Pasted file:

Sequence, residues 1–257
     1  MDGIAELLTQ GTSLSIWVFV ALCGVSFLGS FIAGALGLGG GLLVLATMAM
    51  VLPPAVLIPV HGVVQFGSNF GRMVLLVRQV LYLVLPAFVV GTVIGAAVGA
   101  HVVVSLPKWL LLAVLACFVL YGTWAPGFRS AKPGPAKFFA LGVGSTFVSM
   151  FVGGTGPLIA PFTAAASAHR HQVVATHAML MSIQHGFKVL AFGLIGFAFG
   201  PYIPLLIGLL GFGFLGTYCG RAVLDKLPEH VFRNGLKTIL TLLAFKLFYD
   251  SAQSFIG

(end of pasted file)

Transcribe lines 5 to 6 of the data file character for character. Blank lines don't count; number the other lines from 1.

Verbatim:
   151  FVGGTGPLIA PFTAAASAHR HQVVATHAML MSIQHGFKVL AFGLIGFAFG
   201  PYIPLLIGLL GFGFLGTYCG RAVLDKLPEH VFRNGLKTIL TLLAFKLFYD